There are 52 TCs through the SCS during 2008-2011, among which 21 TCs are found to be less than 400 km. When TCs passed through the Xisha, it induced the changes of wind field, air temperature and the occurrence of heavy rain. The wind velocity transforms the frequent from 12 hour to 15 hour during TC passage. The PSD become 14 hours after TCs passed through the Xisha. The wavelet analysis shows that the oscillations between air temperature and wind are common power and anti-phase. The variations of atmospheric variables at the Xisha station are larger if the TCs passing through are closer to the station or stronger in the intensity.
The statistical significance might be not very convincing due to such short observation period. Besides, current observation is only two dimensional, which is not enough to understand the vertical structure of the atmosphere.
This research is supported by the National Basic Research Program “973” program of China under contract Nos 2011CB403500 and 2011CB403504; the Chinese Academy of Sciences under contract No. KZCX2-YW-Y202; the National Natural Science Foundation of China under contract No. U0733002.
Chan J. C. L. 2007 Interannual variations of intense typhoon activity. 59A 455 460Printed in Singapore.
Goh A. Z. C. Chan J. C. L. 2010 Interannual and interdecadal variations of tropical cyclone activity in the South China Sea. 30 827 843
Wang L. Lau K. H. Fung C. H. Gan J. P. 2007 The relative vorticity of ocean surface winds from the QuikSCAT satellite and its effects on the geneses of tropical cyclones in the South China Sea. 59A 562 569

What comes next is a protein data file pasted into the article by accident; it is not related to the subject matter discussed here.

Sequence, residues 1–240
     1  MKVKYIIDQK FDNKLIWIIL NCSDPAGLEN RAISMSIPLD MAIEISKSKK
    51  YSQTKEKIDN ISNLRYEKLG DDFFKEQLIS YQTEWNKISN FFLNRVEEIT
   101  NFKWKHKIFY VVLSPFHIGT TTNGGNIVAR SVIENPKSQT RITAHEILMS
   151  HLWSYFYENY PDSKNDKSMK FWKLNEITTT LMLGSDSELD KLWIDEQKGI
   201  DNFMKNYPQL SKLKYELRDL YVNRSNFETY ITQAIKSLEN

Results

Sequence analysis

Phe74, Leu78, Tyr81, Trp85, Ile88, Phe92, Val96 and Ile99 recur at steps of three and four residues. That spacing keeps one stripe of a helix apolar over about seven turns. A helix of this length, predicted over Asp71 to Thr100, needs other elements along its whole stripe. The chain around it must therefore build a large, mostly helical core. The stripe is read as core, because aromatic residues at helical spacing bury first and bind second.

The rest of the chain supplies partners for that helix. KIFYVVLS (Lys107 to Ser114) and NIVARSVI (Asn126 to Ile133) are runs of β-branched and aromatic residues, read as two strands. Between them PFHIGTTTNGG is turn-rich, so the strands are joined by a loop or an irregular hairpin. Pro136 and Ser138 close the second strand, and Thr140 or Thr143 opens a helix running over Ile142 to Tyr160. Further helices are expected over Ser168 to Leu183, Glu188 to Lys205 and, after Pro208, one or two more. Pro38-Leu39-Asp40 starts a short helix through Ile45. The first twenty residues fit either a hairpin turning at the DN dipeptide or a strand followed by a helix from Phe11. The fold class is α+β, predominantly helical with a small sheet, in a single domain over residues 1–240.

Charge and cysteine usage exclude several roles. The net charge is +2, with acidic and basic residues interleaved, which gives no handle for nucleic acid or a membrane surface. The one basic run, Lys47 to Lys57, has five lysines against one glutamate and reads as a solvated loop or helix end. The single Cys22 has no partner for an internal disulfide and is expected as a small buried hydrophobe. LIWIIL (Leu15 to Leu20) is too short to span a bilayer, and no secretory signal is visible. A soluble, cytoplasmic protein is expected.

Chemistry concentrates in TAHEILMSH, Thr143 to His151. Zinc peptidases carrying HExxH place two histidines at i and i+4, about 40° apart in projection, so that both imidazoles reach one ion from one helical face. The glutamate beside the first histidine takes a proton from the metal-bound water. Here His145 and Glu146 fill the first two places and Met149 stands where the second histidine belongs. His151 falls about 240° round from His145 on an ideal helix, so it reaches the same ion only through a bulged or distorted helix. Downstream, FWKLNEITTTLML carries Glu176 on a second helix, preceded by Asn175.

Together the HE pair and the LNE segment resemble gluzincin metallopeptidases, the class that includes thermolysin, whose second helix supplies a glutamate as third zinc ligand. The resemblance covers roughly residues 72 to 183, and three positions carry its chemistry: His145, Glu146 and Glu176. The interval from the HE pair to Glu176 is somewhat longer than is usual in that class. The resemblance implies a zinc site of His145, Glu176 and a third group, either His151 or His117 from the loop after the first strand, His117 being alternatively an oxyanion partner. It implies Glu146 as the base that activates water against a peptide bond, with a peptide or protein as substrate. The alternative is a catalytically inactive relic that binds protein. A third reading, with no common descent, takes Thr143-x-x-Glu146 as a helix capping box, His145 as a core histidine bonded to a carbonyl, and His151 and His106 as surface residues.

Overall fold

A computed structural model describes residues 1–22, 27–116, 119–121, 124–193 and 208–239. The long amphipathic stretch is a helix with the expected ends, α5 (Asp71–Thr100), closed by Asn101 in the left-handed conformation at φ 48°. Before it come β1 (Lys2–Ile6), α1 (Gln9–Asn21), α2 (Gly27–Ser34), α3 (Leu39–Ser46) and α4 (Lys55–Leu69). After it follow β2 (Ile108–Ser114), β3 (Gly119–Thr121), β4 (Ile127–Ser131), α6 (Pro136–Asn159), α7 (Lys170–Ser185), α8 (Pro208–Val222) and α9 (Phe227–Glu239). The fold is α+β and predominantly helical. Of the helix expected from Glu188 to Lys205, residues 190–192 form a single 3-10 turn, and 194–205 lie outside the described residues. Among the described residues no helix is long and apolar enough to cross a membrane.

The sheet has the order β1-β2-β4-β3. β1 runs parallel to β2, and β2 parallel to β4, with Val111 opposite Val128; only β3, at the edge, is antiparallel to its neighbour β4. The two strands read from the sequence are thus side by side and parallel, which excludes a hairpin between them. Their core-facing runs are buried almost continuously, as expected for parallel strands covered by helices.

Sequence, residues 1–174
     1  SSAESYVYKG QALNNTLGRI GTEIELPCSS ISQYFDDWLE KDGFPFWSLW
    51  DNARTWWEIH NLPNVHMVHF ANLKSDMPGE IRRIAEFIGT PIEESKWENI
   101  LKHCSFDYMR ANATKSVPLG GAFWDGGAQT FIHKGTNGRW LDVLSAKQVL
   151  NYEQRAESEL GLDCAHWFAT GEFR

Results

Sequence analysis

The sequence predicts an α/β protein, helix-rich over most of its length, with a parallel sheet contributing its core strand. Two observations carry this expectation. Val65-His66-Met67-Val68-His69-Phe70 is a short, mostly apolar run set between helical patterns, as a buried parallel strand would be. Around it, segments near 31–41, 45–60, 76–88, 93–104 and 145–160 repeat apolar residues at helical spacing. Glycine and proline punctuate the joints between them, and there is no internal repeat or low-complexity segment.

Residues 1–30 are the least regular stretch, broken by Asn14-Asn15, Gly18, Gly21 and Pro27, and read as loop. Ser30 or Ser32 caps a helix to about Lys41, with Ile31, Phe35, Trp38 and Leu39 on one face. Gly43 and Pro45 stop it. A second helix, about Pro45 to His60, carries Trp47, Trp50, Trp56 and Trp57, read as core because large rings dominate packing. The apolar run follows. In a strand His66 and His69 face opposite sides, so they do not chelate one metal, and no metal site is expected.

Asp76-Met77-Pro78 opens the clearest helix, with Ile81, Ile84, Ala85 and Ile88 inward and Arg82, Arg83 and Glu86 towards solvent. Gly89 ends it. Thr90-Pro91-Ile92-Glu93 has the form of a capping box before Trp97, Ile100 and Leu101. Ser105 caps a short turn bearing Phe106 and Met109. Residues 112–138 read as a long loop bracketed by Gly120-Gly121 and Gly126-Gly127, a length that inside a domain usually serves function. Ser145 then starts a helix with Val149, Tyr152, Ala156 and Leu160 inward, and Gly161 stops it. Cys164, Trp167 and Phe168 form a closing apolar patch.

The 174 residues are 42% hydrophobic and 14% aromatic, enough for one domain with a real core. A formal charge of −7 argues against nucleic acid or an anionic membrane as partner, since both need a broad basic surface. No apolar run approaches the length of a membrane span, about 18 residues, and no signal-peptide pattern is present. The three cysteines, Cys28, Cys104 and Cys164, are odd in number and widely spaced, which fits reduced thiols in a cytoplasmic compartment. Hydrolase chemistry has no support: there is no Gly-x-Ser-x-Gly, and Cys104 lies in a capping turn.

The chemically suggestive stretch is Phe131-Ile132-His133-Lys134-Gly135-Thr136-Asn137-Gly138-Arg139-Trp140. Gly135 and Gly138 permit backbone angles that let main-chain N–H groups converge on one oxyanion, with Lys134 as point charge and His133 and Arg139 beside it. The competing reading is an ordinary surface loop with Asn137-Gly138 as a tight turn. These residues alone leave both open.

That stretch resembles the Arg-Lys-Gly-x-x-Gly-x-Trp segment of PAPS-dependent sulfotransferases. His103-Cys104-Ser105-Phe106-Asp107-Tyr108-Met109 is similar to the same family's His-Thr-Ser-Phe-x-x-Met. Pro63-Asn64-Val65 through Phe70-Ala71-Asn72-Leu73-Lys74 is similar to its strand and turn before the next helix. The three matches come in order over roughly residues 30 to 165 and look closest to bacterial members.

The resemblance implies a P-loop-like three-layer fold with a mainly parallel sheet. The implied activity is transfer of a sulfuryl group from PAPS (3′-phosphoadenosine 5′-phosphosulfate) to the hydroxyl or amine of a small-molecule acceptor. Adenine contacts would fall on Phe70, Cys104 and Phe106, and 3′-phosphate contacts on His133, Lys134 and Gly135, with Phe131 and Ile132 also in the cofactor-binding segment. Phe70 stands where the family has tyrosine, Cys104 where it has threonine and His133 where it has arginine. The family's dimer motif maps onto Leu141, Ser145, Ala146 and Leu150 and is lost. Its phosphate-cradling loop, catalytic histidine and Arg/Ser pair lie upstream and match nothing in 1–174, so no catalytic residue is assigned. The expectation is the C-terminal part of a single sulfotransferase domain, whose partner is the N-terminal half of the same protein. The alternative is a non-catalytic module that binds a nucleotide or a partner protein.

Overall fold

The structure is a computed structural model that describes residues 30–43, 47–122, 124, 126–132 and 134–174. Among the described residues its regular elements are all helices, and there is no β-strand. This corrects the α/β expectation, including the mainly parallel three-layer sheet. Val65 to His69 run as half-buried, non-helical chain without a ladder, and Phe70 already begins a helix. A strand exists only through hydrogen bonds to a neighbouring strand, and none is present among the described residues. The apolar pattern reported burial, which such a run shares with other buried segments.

Camargo S. J. Robertson A. W. Gaffney S. J. Smyth P. Ghil M. 2007 Cluster analysis of typhoon tracks. Part I: General properties. 20 3635 3653
Holland G. J. 1995 Scale interaction in the western Pacific monsoon 56 57 79
Dvorak V. F. 1975 Tropical cyclone intensity analysis and forecasting from satellite imagery. 103 420 464
Webster P. J. Holland G. J. Curry J. A. Chang H. R. 2005 Changes in tropical cyclone number, duration, and intensity, in warming environment. 309 1844 1846
Knaff J. A. Demaria M. Molenar A. Sampson C. R. Seybold M. G. 2011 An Automated, Objective, Multiple-Satellite-Platform Tropical Cyclone Surface Wind Analysis. 50 2149 2166
Lau K. H. Zhang Z. Lam H. et al. 2003 Numerical simulation of a South China Sea typhoon Leo (1999). 83 147 161
Li J. Wang A. Hou E. et al. 2004 A numerical prediction experiment of track and heavy rainfall about Typhoon Fitow. 23 1 7 10(In chinese).
Zhao Y. Wang B. Liang X. et al. 2005 Improved track forecasting of a typhoon reaching landfall from four-dimensional variational data assimilation of AMSU-A retrieved data. 110 D14101
Dell’osso L. Bengtsson L. 1985 Prediction of a typhoon using a fine-mesh NWP model. 37A 97 105 doi: 10.1111/j.1600-0870.1985.tb00273.x
Yang L. Wang D. Peng S. 2012 Comparison between MM5 simulations and satellite measurements during Typhoon Chanchu (2006) in the South China Sea. 31 2 33 44 DOI: 10.1007/s13131-012-0190-3
Kubota J. Chan J. C. L. 2009 Interdecadal variability of tropical cyclone landfall in the Philippines from 1902 to 2005. 36 L12802
Cheng Y. C. Chung L. J. Jen C. H. 2010 Quaternary environment change in Taiwan: the typhoon events observation by weather data in mountainous region. EGU General Assembly. 2010, held 2-7 May, 2010in Vienna, Austria 8779
Li J. Wang D. Chen J. Y. L. 2012 Comparison of Remote Sensing Data and in-situ Observation for winds during the development of the South China Sea Monsoon..
Satheesan K. Sarkar A. Parekh A. et al. 2007 Comparison of wind data from QuikSCAT and buoys in the Indian Ocean. 28 10 2375 2382
Kalnay E. Kanamitsu M. Kistler R. et al. 1996 The NCEP/NCAR 40-year reanalysis project 77 437 470
Jevrejeva S. 2003 Influence of the Arctic Oscillation and El Nin˜o-Southern Oscillation (ENSO) on ice conditions in the Baltic Sea: The wavelet approach. 108 D21 4677 doi: 10.1029/2003JD003417
Pensieri S. Bozzano R. Schiano M. E. 2010 Comparison between QuikSCAT and buoy wind data in the Ligurian Sea 81 4 286 296
Huler S. 2004 Defining the Wind: The Beaufort Scale, and How a 19th-Century Admiral Turned Science into Poetry. 1-40004-884-2
Grinsted A. Moore J. C. Jevrejeva S. 2004 Application of the cross wavelet transform and wavelet coherence to geophysical time series 11 561 566